A history of painting – Agnès Thurnauer

Palindrome Gentileschi / Bochner collage 2015

Palindrome Gentileschi / Bochner collage 2015

25.06 to the 25.10.2016

Agnès Thurnauer, artist Franco-Swiss international fame which had the honour to hang a portrait gallery feminized on the entrance wall of the Centre Pompidou for two years and then the SAM in Seattle and the CCBB of Rio de Janeiro, is the Château de Montsoreau from June 25 to October 25, 2016.
His protean work makes it Uncategorized in the artistic universe contemporary and gives sense to retrospective exercise.

The answer Agnès Thurnauer brings today is in the form of a history of painting, that it impersonates or otherwise in feminizing or masculinizing the first names of the greatest heroes of Western painting. In the largest room of the Castle presents a gallery of Portraits, part of the series of those already presented at the Centre Pompidou, offering a panorama of the history of painting ranging from Nicole Poussin (specially made for the exhibition) to Annie Warhol, passing by Roberte Mapplethorpe.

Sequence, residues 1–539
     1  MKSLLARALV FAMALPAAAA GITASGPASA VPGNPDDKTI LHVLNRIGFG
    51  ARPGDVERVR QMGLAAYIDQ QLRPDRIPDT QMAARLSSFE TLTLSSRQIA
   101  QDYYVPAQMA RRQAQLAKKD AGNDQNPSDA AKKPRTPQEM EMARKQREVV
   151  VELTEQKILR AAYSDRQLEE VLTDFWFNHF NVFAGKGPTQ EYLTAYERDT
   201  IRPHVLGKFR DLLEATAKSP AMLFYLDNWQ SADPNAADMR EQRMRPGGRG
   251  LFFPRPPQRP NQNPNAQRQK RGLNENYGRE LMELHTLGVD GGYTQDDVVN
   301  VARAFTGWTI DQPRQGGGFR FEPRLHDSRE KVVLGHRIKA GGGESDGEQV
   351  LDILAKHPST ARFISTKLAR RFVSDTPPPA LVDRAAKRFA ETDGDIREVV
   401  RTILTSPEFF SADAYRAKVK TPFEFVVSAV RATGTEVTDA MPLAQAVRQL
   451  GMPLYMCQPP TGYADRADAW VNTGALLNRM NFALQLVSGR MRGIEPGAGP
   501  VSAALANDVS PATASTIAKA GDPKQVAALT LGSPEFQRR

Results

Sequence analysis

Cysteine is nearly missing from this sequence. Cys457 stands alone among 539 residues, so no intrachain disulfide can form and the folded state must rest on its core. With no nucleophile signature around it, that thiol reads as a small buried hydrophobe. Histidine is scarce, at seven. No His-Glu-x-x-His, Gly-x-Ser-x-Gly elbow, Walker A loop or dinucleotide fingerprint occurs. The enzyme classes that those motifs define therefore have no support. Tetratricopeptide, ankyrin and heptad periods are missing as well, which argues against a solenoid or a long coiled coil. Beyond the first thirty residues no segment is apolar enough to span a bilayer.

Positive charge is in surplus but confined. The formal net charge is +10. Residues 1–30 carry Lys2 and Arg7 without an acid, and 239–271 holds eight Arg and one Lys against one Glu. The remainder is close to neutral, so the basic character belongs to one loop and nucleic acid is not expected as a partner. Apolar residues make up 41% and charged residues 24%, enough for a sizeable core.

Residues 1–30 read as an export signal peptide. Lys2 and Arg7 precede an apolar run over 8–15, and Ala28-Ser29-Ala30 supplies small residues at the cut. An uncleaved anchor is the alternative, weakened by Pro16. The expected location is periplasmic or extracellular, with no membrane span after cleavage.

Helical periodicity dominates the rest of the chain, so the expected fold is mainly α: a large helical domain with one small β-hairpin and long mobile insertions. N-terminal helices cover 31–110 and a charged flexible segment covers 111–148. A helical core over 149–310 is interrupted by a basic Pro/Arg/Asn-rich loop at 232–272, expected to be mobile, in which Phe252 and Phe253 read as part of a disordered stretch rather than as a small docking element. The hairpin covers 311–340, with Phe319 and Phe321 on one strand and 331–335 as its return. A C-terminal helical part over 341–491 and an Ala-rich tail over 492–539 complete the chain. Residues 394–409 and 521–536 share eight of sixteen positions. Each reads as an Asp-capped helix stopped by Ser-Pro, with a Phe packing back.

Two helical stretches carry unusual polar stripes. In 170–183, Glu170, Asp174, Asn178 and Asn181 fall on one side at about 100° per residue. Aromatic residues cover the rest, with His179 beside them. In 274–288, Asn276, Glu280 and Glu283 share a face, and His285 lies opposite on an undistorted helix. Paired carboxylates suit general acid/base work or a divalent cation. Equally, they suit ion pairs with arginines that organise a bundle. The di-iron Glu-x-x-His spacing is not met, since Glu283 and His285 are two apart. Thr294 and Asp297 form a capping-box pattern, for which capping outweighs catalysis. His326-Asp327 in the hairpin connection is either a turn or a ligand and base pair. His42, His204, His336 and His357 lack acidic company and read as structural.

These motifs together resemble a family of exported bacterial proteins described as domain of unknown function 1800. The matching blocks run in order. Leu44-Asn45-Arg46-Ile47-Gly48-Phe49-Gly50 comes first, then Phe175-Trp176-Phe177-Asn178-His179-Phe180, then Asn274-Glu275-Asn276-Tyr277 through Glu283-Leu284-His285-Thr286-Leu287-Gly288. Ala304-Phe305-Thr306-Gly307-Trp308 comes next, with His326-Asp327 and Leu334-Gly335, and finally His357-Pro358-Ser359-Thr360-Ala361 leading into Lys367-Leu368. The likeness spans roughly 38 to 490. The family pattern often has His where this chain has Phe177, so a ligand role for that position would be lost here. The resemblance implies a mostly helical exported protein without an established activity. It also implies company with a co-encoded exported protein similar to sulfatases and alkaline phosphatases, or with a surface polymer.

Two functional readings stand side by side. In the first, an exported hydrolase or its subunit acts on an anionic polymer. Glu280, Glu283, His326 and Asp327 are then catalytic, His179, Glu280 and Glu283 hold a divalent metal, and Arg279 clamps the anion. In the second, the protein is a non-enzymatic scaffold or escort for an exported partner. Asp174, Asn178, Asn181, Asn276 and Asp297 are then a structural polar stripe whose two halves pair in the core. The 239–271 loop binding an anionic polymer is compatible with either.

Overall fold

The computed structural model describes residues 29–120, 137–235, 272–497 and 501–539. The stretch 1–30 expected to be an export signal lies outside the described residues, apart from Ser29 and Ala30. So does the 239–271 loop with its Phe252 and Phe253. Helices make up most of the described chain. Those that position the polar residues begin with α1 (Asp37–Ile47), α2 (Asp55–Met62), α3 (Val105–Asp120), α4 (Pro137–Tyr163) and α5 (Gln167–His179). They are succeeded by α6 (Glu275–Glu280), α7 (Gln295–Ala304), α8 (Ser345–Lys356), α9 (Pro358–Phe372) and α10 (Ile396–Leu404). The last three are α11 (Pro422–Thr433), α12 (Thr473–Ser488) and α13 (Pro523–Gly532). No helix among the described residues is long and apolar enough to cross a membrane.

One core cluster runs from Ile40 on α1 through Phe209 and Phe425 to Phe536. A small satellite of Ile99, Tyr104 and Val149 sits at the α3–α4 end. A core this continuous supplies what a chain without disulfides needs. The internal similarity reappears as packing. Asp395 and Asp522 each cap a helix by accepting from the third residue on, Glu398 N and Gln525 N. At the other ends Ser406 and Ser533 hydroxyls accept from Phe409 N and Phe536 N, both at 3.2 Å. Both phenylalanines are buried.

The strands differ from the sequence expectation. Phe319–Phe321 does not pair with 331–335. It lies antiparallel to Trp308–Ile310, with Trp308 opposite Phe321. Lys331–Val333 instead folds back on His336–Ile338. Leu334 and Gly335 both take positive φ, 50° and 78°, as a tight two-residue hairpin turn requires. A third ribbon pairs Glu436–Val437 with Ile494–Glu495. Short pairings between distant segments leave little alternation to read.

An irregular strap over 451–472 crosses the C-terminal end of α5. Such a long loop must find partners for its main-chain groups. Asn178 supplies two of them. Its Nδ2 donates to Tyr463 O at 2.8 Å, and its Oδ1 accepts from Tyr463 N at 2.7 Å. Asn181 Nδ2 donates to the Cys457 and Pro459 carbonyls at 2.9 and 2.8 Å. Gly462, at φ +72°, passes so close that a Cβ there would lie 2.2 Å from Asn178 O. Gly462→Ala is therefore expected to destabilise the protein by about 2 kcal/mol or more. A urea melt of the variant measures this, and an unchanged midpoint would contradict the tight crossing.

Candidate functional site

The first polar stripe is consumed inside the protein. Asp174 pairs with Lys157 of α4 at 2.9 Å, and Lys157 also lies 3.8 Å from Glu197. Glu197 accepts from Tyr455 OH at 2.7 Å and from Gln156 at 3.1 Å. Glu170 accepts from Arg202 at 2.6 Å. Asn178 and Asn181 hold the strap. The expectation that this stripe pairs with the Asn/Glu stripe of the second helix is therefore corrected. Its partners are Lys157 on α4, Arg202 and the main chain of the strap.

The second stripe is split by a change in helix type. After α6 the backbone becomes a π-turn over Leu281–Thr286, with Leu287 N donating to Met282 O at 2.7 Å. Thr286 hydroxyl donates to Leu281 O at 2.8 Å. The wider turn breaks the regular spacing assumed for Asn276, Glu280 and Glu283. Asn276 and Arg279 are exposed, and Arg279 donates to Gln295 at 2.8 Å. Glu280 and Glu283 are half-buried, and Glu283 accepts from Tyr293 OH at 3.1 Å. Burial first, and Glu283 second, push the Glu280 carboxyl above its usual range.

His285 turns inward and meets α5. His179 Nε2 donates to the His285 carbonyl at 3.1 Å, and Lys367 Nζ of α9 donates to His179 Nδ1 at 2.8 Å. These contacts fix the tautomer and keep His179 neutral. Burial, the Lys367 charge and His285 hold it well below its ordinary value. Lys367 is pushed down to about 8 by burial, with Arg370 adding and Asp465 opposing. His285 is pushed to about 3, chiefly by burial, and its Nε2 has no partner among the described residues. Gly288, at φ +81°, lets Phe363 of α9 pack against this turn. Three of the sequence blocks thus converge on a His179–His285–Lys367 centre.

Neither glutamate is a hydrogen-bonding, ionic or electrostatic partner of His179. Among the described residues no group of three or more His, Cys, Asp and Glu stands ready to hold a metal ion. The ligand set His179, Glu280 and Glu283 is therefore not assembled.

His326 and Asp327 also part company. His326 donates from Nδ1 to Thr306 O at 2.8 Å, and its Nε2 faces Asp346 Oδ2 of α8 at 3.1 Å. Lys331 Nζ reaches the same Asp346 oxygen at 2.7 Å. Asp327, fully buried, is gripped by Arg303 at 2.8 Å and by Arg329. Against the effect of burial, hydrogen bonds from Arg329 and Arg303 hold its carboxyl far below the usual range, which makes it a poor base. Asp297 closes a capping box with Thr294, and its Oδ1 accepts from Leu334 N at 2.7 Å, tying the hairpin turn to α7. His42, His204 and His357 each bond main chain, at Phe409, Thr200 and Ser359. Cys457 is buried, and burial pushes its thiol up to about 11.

Each of these Portraits "Grandeur Nature", as calls Thurnauer, is for the viewer an opportunity to reminisce or to meet a work of art, and, through the name of the artist by highlighting the significance and importance of the surname. This new complex first name/surname became the form of painting, and to retrieve the painting of the concept of gender and tell another story of art: an art history or the creator of the work is more in a role of man or woman, but in a role of painting. A role in which he or she embodies this painting that may well not have gender. A way of saying that in any case this story does not belong to men.

Watch Walker from Courbet in simple visit with Cadere stick in his hand, imagine that Artemisia Gentileschi painted the portrait that Mel Bochner had painted of Eva Hesse, as painting or surprise trying to paint the painting, the flagrante delicto or the abyss implementation.
One can easily imagine these characters of painting ingrown, imagine that the traveller will suddenly blushing and release the stick, or simply we look and give us, as a passer, so we also know what it feels to hold paint in his hands.


"A history of painting.
Agnes Thurnauer
25 June – 25 October 2016
Open every day from 10 h to 19 h